France Considers Operating System-Level Filtering

Long-time readers will remember the appalling way in which the UK's Digital Economy Act was brought in - with no research, no debate, and no democracy. At its heart lies the infamous "three strikes" idea: if you are alleged - not proved, but...


Long-time readers will remember the appalling way in which the UK's Digital Economy Act was brought in – with no research, no debate, and no democracy. At its heart lies the infamous "three strikes" idea: if you are alleged – not proved, but merely alleged – to have shared files online on three occasions you will be subject to some punishment. Originally that was cutting off your hand, er, your Internet connection, but as the discussions over implementing this unjust and punitive law have dragged on, it's become less clear how it will actually work.

Fans of this disproportionate approach like to point to France, which actually came up with the idea in the first place (and you thought it was a civilised country), as an example to follow. Actually, France's experience with the three-strikes law – known there as "Hadopi" after the body that overseas it – shows that it has been an unmitigated disaster.

Even laughably transparent attempts to sex up some statistics on the dissuasive effect of three strikes, couldn't hide the fact that Hadopi's first victim turned out to be innocent, but was convicted anyway. More recently, we have evidence that the main effect of the Hadopi law has been to move people away from P2P systems, where they can be monitored, to streaming and locker sites, where they can't.

In fact, even Hadopi seems to have recognised this, and has commissioned a report on how it might tackle them [.pdf]. It's full of extremely bad and disproportionate ideas, but I wanted to highlight one in particular for this blog. Here's the relevant section, which explores the various ways filtering could be imposed on the hapless French population:

The software that provides the Net surfer with passage from one server to another or access to various resources on the Web, could also play a role. From a technical point of view, filtering might be implemented through the installation of a module on the user's system (a plug-in). [But] the user could then change the software, or not install the module, which would limit the effectiveness of this solution. Filtering implemented at the operating system level could in this respect appear more effective, because it would be built-in to the computer. Moreover, there would be fewer actors that would need mobilising, although they would be foreign companies, which raises the issue of voluntary contributions by industry players to French regulatory efforts.

Leaving aside the issue of what Microsoft or Apple might think and do here, this paragraph shows a hilarious ignorance of how open source works – the idea that the French government could go to companies like Canonical or Red Hat and ask them to build automatic filtering into their products for France. Even if they were forced by law to comply, it would be pointless: people could simply strip the filtering module out of the open source code. Or, more likely, they'd download an ordinary distro from elsewhere.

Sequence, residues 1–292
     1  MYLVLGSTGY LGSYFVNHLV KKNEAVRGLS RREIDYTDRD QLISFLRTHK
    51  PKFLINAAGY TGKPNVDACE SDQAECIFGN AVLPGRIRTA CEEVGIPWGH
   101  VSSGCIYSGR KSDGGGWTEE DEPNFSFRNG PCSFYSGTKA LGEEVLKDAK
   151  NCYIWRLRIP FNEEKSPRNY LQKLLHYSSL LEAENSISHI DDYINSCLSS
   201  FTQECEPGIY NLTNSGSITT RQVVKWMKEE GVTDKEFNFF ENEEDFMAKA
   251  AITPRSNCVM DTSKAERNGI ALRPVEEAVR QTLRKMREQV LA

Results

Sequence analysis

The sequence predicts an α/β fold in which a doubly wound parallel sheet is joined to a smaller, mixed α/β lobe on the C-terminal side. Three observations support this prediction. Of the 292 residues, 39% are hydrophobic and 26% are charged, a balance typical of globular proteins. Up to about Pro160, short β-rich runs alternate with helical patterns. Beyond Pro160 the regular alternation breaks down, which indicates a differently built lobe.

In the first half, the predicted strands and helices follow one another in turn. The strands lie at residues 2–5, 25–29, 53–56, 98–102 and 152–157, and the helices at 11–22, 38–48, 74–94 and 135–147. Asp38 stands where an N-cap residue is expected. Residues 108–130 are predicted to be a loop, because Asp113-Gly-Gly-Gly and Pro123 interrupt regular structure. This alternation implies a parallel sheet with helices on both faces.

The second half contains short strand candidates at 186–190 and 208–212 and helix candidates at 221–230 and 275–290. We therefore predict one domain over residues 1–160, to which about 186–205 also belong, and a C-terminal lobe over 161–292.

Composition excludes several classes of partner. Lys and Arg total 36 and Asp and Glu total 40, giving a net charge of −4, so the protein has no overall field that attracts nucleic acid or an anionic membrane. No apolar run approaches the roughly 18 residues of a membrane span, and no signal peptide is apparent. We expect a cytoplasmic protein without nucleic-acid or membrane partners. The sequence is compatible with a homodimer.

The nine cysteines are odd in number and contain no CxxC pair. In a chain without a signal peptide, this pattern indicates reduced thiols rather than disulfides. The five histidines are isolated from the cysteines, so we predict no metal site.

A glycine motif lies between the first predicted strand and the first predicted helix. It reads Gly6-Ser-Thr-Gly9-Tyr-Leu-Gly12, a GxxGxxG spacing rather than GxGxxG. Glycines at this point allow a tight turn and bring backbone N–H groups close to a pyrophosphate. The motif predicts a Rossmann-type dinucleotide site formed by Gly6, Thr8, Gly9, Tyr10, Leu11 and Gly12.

If the French authorities want to continue down this insane road of attempting to filter everybody's connection at the operating system level, they would have to make free software illegal, and also to block all connections to sites offering it around the world. Clearly, this way lies madness, and shows why the whole three-strikes approach, and the idea that you can stop people from downloading unauthorised copies from the Internet, is doomed to failure.

It is also completely unnecessary. Alongside the technical illiteracy that the Hadopi report displays, it also daft from an economic viewpoint. After all, the current proposals are trying to stop people from using data lockers and streaming sites. These differ from most P2P systems in that people generally pay to use them. This proves – contrary to the copyright industry's mantra – that even people who are downloading unauthorised copies are willing to pay to access that material.

This, in its turn, shows that the problem of piracy really comes down to pricing: if the recording and film industries priced their products more reasonably – at roughly the level that people pay to access streaming and locker sites, say – then people would most likely switch, since they would be obtaining material from official, rather than unofficial sources. Indeed, we already have evidence of this: when authorised streaming services were launched in Scandinavia, the number of people downloading illegally was halved. And no wonder: often people only resort to unauthorised downloads because the copyright industries refuse to make the material available at a reasonable price, in a suitable format, or at all.

This is why the three-strikes edifice is a complete waste of money. Moreover, it will never work, because there are always ways to circumvent blocks and filtering measures if people are determined enough. Meanwhile, the collateral damage to everybody's civil liberties in terms of the surveillance that is brought in, and the move to a "guilty until proven innocent" regime, is enormous.

It is truly scandalous that instead of telling the copyright industry to start serving customers properly, politicians in the UK and elsewhere have chosen to bring in illiberal, punitive laws that are designed to shore up ancient intellectual monopolies meant for an age of analogue scarcity, not today's digital abundance.

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